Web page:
Source: Great American Environmental Division, May 2013
While working at a shopping center, an employee of a janitorial company inadvertently mixed ammonia and chlorine based cleaning products. The mixture resulted in a toxic cloud of ammonia chloride that caused respiratory distress in dozens of shoppers and a shut-down of the center for a period of time. The contractor was held responsible for the defense of the bodily injury claims. Additionally, numerous business interruption claims were filed by the tenants.
Source: San Mateo County Times (CA), November 2, 2011
Posted on: http://envfpn.advisen.com
Sausage maker Columbus Foods Inc. has settled a lawsuit filed by its neighbor Genentech over a large-scale noxious ammonia leak in South San Francisco that sickened nearly three dozen of the biotech giant’s employees in 2009. According to a statement from Genentech, the 94-year-old cured meat company agreed to “vigorous safety improvements” to its refrigeration system, which was the source of the leak. The cloud of anhydrous ammonia that escaped from the factory where Columbus makes salami and pancetta resulted in 30 Genentech workers getting medical treatment. The suit, settled Oct. 28, pointed specifically to a company bus driver who collapsed due to the ammonia cloud and had to be hospitalized, according to San Mateo County Superior Court records. The man, who drove one of the fleet of buses that ferries employees to and from work in the Bay Area, survived his injuries. About 200 pounds of the chemical shot out of the roof-mounted cooling system of the facility at 493 Forbes Blvd. on the morning of Aug. 28, 2009, during construction work. A contractor, who was not named, had recently made some changes to the system and it malfunctioned when turned on. The facility had a similarly sized ammonia leak on Feb. 17, 2009, but didn’t tell its neighbors, the suit says. The Environmental Protection Agency slammed Columbus in February 2009 for not following industry practices for ammonia refrigeration and ordered safety changes. Columbus later paid San Mateo County $850,000 to settle a separate lawsuit over the release. According to the EPA, exposure to ammonia can cause temporary blindness and eye damage as well as skin, mouth, throat and breathing problems. Extended exposure can cause death or major health problems. Columbus CEO Timothy Fallon declined to comment on the terms of the settlement, which he said were confidential. Genentech would not elaborate on the information in its statement. However Fallon said the company began work in September to transfer the rooftop refrigeration system to the inside of the building, where leaks can be contained. He said the company hoped to be done with the work by December. He added the contractor, and not the company, was to blame for the leak. “But ultimately it’s our property,” Fallon said. “The buck stops with us, I guess.” Genentech has about 10,000 employees roughly scattered throughout its 54-building campus in South San Francisco. On any given day about 700 children of employees are being looked after at the company daycare centers.…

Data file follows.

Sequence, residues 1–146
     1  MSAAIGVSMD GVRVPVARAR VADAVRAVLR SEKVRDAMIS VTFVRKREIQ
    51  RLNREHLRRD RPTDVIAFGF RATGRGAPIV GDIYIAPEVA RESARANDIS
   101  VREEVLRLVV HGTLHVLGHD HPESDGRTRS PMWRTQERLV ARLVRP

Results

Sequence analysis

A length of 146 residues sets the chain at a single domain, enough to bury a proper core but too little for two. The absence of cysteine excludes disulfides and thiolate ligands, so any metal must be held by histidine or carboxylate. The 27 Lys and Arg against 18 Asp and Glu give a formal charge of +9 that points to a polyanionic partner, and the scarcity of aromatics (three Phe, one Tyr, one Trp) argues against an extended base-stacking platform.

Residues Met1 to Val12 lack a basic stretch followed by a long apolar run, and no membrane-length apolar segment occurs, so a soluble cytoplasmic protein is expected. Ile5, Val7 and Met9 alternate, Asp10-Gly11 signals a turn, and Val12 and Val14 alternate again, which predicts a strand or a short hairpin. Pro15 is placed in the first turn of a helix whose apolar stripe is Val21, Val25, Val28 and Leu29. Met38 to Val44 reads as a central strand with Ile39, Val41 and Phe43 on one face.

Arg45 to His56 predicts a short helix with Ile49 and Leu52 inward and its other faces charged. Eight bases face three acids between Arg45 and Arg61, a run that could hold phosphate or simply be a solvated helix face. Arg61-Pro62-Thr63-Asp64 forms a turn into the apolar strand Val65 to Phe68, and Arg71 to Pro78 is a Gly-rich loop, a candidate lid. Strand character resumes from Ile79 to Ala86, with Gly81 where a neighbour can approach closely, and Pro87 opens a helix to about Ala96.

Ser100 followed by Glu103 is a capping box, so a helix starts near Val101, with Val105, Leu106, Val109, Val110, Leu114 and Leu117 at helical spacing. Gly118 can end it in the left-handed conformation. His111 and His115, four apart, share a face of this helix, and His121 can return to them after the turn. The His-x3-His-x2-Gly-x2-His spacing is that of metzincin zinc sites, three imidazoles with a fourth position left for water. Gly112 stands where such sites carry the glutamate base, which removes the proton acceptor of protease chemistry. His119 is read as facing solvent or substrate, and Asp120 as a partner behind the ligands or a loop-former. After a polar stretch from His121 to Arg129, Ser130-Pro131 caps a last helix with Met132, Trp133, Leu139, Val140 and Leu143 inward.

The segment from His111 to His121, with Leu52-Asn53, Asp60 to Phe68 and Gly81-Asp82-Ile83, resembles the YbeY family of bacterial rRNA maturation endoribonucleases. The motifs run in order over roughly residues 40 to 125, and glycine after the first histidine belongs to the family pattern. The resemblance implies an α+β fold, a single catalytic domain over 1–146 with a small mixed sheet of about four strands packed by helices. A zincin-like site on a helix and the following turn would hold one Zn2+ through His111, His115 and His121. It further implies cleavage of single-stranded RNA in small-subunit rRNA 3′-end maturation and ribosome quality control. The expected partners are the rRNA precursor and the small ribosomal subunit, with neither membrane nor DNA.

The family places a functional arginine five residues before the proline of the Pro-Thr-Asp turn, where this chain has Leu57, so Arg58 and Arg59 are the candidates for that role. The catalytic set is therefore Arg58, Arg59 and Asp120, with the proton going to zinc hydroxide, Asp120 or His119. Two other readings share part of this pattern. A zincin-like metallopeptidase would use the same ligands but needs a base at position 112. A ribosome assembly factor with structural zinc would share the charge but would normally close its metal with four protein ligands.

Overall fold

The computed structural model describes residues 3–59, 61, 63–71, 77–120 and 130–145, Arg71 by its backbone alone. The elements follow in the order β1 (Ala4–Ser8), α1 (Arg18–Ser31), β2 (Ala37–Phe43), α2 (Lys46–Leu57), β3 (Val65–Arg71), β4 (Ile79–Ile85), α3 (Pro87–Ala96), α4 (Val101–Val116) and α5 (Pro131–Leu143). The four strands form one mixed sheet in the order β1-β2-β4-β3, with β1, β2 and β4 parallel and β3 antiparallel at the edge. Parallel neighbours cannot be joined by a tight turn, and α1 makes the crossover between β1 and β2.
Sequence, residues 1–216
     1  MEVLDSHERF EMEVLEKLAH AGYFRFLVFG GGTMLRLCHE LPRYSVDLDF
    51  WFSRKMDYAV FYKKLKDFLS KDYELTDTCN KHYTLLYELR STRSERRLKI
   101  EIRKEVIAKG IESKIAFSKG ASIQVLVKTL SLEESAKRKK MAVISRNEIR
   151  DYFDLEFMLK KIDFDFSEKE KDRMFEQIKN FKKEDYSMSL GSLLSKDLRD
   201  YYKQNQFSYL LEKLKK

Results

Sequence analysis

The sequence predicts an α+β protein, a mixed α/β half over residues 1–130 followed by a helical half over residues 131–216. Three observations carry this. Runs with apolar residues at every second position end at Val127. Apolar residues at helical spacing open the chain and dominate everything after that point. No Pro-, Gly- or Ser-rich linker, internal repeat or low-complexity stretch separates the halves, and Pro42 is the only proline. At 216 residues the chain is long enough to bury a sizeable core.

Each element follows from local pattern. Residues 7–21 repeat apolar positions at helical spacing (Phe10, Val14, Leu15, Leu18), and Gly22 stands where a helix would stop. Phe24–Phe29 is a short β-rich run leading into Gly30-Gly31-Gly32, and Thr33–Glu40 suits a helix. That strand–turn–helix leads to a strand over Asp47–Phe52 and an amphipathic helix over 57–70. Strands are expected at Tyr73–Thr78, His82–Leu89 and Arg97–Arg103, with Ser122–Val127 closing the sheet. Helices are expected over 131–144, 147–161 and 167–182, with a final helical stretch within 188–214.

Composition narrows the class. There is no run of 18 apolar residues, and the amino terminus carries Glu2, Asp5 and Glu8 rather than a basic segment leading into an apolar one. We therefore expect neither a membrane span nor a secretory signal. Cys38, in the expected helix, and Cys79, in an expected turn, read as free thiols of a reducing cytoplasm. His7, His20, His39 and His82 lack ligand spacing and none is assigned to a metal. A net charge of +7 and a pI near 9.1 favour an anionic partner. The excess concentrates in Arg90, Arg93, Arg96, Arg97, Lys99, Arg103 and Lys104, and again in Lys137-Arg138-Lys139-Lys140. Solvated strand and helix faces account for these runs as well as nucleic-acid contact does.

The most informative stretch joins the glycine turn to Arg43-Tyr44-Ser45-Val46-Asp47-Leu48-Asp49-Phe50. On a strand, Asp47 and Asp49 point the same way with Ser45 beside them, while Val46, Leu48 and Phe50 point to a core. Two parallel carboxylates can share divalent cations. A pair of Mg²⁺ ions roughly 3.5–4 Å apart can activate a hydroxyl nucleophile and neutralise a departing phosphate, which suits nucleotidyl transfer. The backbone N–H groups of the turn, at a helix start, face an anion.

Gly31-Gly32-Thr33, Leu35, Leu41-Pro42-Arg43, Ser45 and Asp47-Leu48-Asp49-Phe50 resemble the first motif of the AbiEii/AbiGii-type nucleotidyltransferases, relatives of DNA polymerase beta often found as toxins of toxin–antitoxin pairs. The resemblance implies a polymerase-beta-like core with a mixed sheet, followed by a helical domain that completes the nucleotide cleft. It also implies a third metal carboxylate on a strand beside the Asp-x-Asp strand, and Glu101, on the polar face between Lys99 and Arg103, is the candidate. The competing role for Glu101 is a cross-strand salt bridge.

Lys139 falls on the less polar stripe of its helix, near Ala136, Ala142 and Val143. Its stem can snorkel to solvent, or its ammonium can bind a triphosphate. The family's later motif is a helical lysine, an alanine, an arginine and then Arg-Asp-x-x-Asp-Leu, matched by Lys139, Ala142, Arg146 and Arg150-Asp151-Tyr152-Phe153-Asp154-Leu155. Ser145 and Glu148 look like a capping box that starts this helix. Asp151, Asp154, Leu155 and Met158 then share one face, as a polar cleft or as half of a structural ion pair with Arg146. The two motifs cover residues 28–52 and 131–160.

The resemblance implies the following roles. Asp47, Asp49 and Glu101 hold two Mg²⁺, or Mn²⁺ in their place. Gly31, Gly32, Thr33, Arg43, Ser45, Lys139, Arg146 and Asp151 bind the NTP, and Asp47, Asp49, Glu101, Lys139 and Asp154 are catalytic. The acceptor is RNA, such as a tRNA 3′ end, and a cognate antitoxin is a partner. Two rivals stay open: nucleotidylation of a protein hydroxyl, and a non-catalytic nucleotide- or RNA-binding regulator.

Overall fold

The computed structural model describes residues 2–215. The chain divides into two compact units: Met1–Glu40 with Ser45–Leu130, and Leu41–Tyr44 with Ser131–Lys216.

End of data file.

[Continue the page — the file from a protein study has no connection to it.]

Source: Spokesman-Review (Spokane, WA), March 29, 2011
Posted on: http://envfpn.advisen.com
Empire Cold Storage will pay a $67,142 fine for failing to report the release of an estimated 400 pounds of anhydrous ammonia in 2007 from its Spokane warehouse.
No injuries were reported from the leak on July 14, 2007, which occurred over about three hours at 1327 N. Oak St. Company officials failed to immediately report the leak to local and state authorities, according to the U.S. Environmental Protection Agency, which reached a settlement with the company.
Empire Cold Storage uses large amounts of anhydrous ammonia as a refrigerant. The toxic gas attacks the skin, eyes, throat and lungs. It can cause serious injury or death.
Armed man robs Valley mini mart
A clerk at a convenience store in Spokane Valley was robbed Sunday by a man who showed the butt of a pistol hidden under a coat.…
Acknowledgement to Ironshore Environmental
SAN ANTONIO, Texas, June 28 (Reuters) – At least three people were killed when a Union Pacific Corp. (NYSE:UNP – News) freight train hauling chlorine gas and anhydrous ammonia struck another train and derailed in a rural area on Monday, spreading a hazardous gas cloud.
Two people were found dead in a vehicle near the site of the derailment, San Antonio Fire Department spokesman Randy Jenkins said. The cause of death was not immediately known, but Jenkins said the deaths were related to the derailment.
Union Pacific spokesman John Bromley said one body was found in the wreckage of the train. Emergency officials said it was the train’s missing engineer. The crash occurred in a rural section about 15 miles southwest of San Antonio’s downtown.…